The Data Futures Forum has identified projects it says could make the most of data to tackle big national issues, like food traceability, efficient transport, diabetes and obesity, and information to support Maori groups.
Paddock to plate tracking of food could enhance productivity and lead to the development of an ‘information industry’ to support our primary sectors.
“We suggest the creation of a government/industry collaboration that builds on current industry datafication projects, includes logistics and consumer/retail data, and links to the Ministry for Primary Industries certification regimes,” says the forum’s paper.
“This is about connecting up farm management with logistics management, consumer priorities and government oversight and certification.”
Another project could address Auckland transport problem by using transport data and technology to to support the efficiency, safety and development of the road and public transport system and give information to users.
The forum suggests working with transport leaders and building on The Ministry of Transport’s Intelligent Transport Systems (ITS) Action Plan designed to introduce things like active network management, traveller information, advanced driver assistance, autonomous vehicles and payment tech over the next four years.
It suggests focusing on greater use of data and technology to support efficient transport in Auckland, along with sensor technology and giving users transport data through a relevant platform.
Data could also play its part in tackling obesity and diabetes, by understanding the drivers of rates of these diseases and way to effectively intervene, the paper says.
“We suggest a collaborative project which safely uses de-identified supermarket and weight and health information. Using privacy-by-design approaches, the project could derive a dataset that ties what households are purchasing to their weight and health outcomes over time.
“Findings from that study should be used to develop information and policy for government, to enable businesses to support consumers to make healthy decisions, and give health providers new tools for working with patients.”
Another area with potential for better data use is transient families, which the forum says impacts children’s education achievements, as it results in children frequently changing schools.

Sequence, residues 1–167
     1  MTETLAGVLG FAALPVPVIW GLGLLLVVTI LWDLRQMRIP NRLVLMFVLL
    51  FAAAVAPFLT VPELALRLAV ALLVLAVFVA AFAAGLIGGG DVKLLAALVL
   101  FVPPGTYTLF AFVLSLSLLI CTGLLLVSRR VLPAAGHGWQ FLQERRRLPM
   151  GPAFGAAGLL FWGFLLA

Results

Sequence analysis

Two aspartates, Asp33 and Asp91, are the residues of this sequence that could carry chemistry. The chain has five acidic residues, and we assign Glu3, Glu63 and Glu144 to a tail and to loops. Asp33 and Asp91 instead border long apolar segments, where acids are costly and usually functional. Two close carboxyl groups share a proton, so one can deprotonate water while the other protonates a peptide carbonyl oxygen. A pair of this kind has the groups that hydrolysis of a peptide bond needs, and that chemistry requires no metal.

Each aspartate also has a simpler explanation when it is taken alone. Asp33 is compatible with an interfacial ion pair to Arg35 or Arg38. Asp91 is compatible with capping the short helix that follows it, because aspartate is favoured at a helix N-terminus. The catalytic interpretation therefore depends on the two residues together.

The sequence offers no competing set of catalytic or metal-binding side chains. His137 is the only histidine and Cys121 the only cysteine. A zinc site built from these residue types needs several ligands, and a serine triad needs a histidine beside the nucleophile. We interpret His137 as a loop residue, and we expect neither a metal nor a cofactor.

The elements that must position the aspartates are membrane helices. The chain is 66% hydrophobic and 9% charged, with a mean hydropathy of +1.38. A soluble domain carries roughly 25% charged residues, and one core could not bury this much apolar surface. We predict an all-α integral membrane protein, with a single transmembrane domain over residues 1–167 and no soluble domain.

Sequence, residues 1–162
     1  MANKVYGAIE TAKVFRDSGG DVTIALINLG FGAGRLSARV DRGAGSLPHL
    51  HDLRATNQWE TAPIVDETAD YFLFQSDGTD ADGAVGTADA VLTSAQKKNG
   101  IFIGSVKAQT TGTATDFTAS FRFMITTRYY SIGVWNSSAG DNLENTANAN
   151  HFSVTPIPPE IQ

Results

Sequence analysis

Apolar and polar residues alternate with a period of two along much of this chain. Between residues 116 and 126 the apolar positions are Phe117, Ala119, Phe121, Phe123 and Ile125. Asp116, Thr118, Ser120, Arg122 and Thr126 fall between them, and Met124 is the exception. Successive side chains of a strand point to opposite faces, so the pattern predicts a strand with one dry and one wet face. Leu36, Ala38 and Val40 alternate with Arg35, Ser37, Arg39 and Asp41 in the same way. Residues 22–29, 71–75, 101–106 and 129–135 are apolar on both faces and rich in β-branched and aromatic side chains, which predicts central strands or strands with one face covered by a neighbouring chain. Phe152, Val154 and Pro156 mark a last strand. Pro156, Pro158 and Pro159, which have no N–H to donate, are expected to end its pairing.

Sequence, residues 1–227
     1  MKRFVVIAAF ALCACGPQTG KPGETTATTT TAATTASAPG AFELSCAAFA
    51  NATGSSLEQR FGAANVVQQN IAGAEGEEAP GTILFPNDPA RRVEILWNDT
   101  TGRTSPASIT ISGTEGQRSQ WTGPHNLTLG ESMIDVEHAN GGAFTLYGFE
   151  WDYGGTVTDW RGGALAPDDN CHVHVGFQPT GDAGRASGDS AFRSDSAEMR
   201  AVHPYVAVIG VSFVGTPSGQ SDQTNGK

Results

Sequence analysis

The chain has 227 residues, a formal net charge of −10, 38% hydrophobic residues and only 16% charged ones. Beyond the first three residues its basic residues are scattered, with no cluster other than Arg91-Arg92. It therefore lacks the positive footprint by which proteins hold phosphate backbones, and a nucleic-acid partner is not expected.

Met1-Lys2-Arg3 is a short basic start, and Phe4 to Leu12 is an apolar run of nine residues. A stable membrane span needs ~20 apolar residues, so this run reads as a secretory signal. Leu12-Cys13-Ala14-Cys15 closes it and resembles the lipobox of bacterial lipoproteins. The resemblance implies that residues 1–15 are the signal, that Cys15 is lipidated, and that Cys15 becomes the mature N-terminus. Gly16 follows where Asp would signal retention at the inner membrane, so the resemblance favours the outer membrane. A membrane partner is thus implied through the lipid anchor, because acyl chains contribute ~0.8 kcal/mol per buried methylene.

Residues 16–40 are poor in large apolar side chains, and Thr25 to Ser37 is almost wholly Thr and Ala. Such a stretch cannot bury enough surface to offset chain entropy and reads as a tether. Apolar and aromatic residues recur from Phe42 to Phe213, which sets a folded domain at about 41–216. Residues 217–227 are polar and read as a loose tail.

It suggests working with trusted brokers like the Salvation Army and other non-government organisations to use their contacts and data to encourage families to receive government entitlements.
The forum also highlights the opportunity to support Maori development through collaboration based on sharing public and private data with Maori groups. It identifies using Statistics New Zealand’s integrated data infrastructure (IDI) to allow Maori researchers and analysts to get direct access to data. Adding ethnicity data to the IDI would support this, it says.
An independent data council should be set up to represent New Zealanders, advice the government and data users, support existing regulators, develop and share best practice and promote data use that creates value, the forum says. It could initially play an advisory role, but as the data landscape becomes better understood it could undertake inquiries and investigate complaints, and provide industry accreditation and audits to license companies for particular data activities and grade ‘trusted users’.
The forum says it might also take an enforcement role and impose sanctions on inappropriate or unethical data use.
It also wants to see a data champion appointed to promote the use of open data and explore which data needs to be protected. And it wants to review current legislation like the Official Information Act, the Privacy Act, the Public Records Act, the Statistics Act and the Copyright Act.
The organisation is asking people to read its full paper and explore how their sector could get a data project up and running.
The forum published a paper earlier this year highlighting the economic and social benefits of smarter data use.